The Institute of Directors and Barclays have announced in their latest report that more than a third of businesses lack a formal strategy against cyber attack.
Of the 845 members that make the Institute of Directors, 95 per cent had said they considered cyber security to be quite or very important to their business. Despite this, 40 per cent of businesses said they would not know who to report incidents of cyber crime to.
The survey, which was conducted in December 2016, surprisingly found that the number of businesses preparing themselves for cyber attacks had not increased since last year as only 56 per cent of companies had said that have a formal strategy in place to protect business devices and data.
It was also found that 39 per cent of respondents felt vulnerable to the threat of cyber crime on their work laptops and 57 per cent on their mobiles.
Given the number of high profiled attacks on the digital economy over the past year, it is alarming to see that many enterprises have not acted to increase cyber security awareness.
Cyber security experts from Cylance, Synopsys and Synack have given their thoughts on why there has been a lack of urgency shown by businesses.
Dr Anton Grashion, managing director – security practice at Cylance, “This new report from Barclays and the Institute of Directors clearly shows that there is a striking divide between executives’ awareness that information security is a critical concern and their businesses’ actual state of defence readiness. The ability to prevent malicious software from executing on every network endpoint is absolutely critical, yet it’s telling that 39 percent worry about the security of their mobile laptops. There is great reason to worry when the vast majority of businesses are reliant on twenty-year-old antivirus technologies as their executives tote their organisations’ intellectual property – the crown jewels, as it were – around on their travels. It’s high time for even smaller corporations to investigate the vastly more effective next-generation endpoint security technologies.”
Adam Brown, manager – security solutions at Synopsys “In a recent survey at a global security conference, Synopsys found that 73% of top security professionals think it likely that their organisations will be hit with a major data breach in the next 12 months – but they won’t have enough time, money, or skilled staff to handle the crisis. Responses to cyber-attacks can be hard to address without experienced specialists on hand, so the challenge is more than just knowing who to report the incident to. Organisations need to be prepared for such breaches, furthermore they should consider the process for dealing with product releases, compliance requirements.”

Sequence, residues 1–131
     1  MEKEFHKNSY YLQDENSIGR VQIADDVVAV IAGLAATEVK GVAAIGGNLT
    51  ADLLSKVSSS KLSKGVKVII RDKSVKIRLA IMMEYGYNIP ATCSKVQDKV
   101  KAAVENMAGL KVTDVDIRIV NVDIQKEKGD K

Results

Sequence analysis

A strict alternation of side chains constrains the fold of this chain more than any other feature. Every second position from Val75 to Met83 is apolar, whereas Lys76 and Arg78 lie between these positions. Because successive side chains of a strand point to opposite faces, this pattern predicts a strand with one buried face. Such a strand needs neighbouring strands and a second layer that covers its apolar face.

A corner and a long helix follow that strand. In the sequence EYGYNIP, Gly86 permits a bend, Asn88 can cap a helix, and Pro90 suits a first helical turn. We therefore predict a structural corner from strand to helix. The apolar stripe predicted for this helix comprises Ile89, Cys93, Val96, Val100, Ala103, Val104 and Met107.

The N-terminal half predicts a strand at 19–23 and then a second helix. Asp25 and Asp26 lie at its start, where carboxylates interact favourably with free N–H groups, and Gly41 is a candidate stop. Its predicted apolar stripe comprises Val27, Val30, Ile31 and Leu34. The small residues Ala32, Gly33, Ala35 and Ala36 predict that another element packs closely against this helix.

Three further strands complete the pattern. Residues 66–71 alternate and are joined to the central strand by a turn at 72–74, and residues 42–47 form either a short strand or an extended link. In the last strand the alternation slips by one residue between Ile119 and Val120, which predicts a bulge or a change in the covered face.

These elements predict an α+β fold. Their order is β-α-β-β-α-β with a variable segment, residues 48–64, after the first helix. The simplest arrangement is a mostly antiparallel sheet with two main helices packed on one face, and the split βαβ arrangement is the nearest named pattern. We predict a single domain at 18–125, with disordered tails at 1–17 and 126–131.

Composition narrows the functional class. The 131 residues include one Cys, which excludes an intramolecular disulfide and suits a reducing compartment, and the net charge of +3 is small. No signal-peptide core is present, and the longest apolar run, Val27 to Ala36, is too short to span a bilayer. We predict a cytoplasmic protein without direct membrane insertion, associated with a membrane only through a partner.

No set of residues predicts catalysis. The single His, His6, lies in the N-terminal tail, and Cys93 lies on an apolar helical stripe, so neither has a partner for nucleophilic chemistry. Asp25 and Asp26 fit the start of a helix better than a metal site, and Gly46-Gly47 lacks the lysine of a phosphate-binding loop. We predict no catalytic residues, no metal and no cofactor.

Anne-Marie Chun – industry analyst at Synack “The onus is really on the security industry and security practitioners to educate the c-suite and board level, as well as product managers and asset owners, about the importance of security. There needs to be more accountability at the executive level. Until there is accountability, security will not become a priority and there will continue to be a lack of strategy.
We also need leadership from the very top – the government should take a leadership role in cybersecurity, since they have the greatest visibility into the threat and some of the most sophisticated cybersecurity capabilities. The government needs to work with commercial companies to develop a set of standards and best practices that guide how organisations not only respond to attacks, but also prevent attacks. A proactive approach to cyber defence is key to finding and remediating vulnerabilities before they are exploited and can also help mitigate the risk that a cyber attack poses to the business. In addition, the government should facilitate close collaboration between the public and private sectors – both sectors face the same threat and will be stronger together.”
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